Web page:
This is a great article and covers the topic in an efficient way. However, I would like to make a correction:
One of the consequences of Metastability is mentioned as:
The destination domain output may settle down to the new value or may return to the old value. However, the propagation delay could be high leading to timing issues.
This is not correct. The flop B output will eventually settle to the correct (A) value. It is only when in the uncertain state that flops downstream can see different values which causes a design issue. If the flop B output were to finally settle to an incorrect value (as also show in the waveforms for B1 and B2), then the same could happen at the output of a synchronizer cell and that would defeat the purpose.
The point I am trying to make is that the syncronizer cell takes away the uncertain period from being seen by the capture flop and passes the CORRECT/ INTENDED value to the capture flop. If there is a rise transition on A, then flop B output will also always have a rise transtition and wont ever get a fall transntion.
May I start a controversial remark? may I say an iconoclast approach?
The Clock Domain Crossing Issues are everything else that is not METASTABILITY.
Per design the "metastability risk" must be constrained to the same level of any synchronous signal in a synchronous design per se, this is known and documented 2/3/4 special flops and no combinatorial, neither reconvergences.
Then all issues remaining are how to validate and verify the specific logic(s) is(are) functionally guaranteeing the proper functions for not missing any data.
Many tools are addressing the checking and verification with more or less quality and thoroughness.
If you are interesting by the topic you can join the group:
I found this article very well written and gives a great theoretical explaination for 99.9% of the cases - What I would find interesting is a use of statistical method to analyze and detect the metastable conditions.... using spice / or whatever you all think would get - call it Part II. Go to the SI guys : use eye patterns , etc.
send me the pdf of this report posted
The suggested patent pending solution to metastability is flawed, as are all such proposals. The injected noise is just as likely to move a stable event to a metastable event as it is to move a metastable event to a stable event.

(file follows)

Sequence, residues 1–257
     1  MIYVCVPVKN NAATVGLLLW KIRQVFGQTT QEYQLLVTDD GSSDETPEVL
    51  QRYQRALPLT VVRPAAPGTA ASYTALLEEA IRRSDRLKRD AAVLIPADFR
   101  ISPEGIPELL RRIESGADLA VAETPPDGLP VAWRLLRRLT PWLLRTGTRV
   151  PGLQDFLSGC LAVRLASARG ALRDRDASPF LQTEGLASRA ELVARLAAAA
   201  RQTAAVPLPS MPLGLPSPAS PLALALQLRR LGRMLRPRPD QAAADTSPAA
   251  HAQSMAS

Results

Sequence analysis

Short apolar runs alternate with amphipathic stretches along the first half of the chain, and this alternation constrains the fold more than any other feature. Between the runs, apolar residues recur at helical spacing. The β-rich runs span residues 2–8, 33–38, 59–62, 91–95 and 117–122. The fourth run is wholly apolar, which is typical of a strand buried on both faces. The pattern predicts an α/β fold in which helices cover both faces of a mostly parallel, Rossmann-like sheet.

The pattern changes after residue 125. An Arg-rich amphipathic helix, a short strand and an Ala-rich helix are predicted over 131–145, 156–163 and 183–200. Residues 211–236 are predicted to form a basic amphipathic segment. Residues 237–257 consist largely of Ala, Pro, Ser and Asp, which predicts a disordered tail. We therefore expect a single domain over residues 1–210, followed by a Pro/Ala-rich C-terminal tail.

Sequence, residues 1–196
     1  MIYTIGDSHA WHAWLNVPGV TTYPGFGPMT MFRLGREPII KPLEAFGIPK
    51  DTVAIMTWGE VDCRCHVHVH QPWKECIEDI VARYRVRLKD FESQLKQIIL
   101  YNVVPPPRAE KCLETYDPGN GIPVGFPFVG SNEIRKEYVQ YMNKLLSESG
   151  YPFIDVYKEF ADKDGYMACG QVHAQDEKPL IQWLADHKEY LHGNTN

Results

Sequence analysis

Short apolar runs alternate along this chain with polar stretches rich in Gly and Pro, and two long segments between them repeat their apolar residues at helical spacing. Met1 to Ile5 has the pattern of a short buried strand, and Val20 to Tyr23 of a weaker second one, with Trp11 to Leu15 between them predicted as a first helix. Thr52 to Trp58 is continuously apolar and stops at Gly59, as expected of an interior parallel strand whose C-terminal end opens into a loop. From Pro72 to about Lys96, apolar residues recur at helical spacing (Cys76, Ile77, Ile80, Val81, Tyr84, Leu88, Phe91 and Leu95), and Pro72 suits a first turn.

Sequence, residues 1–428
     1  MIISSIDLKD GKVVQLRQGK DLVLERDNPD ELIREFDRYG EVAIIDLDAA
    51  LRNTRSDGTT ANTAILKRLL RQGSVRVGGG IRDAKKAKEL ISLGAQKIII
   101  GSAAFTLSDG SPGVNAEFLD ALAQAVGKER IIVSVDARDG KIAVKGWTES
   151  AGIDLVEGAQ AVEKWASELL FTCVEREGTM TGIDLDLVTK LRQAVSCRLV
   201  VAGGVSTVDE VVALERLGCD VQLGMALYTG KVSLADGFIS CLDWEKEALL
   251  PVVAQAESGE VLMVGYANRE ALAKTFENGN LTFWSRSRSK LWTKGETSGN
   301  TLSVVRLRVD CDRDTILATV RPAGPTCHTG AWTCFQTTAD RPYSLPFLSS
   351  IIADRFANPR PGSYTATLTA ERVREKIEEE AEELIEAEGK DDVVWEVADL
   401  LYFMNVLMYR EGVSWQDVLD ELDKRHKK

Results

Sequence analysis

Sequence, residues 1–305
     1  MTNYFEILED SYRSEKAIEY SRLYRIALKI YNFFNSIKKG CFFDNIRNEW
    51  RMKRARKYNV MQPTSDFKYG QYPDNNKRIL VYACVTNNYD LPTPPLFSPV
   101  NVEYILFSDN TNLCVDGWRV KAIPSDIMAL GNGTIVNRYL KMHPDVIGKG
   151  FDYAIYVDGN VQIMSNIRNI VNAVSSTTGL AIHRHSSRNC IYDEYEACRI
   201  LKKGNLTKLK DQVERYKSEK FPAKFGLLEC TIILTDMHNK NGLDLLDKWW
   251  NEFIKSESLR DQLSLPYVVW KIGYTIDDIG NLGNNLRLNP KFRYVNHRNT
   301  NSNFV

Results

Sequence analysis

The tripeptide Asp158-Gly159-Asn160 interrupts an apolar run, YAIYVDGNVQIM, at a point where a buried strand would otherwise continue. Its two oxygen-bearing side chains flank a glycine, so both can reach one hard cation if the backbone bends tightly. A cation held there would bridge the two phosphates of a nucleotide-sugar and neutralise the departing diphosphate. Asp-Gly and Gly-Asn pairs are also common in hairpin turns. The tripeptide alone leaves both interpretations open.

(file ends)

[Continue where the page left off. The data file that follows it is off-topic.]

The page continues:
And Philip Freidin 8/27/2003
"Nothing improves the MTBF of a metastable synchronizer better than
just waiting longer. Not clocking the intermediate signal on the
negative clock edge. Not voting. Not threshold testing. Not adding
noise. Not fancy SPICE simulations. Not predicting circuits. Not
circuits designed to bias the outcome to either 1 or 0. Not
clocking it twice as fast through twice as many flip flops.
From Thomas Cheney, October 1979:
"In closing, there is a great deal of theoretical and experimental
evidence that a region of anomalous behavior exists for every device
that has two stable states. The maturity of this topic is now such that
papers making contrary claims without theoretical or experimental support
should not be accepted for publication".
But it is possible to avoid most of the problems with a simple solution. Like other people I'm not able to design circuits without metastable states, but my patent pending solution ends it in a short and in its maximum defined time. If you see a flip flop as an analog circuit, you may inject a low AC signal in the feedback loop.
If you do that, so the amplifier circuit with its positive feedback will go very fast to a stable state. You are able, to build a D-flip-flop with such a modified feedback discrete, but I wish to have such flip flops in programmable logic and other integrated circuits.
What are the engineering and design challenges in creating successful IoT devices? These devices are usually small, resource-constrained electronics designed to sense, collect, send, and/or interpret data. Some of the devices need to be smart enough to act upon data in real time, 24/7. Are the design challenges the same as with embedded systems, but with a little developer- and IT-skills added in? What do engineers need to know? Rick Merritt talks with two experts about the tools and best options for designing IoT devices in 2016. Specifically the guests will discuss sensors, security, and lessons from IoT deployments.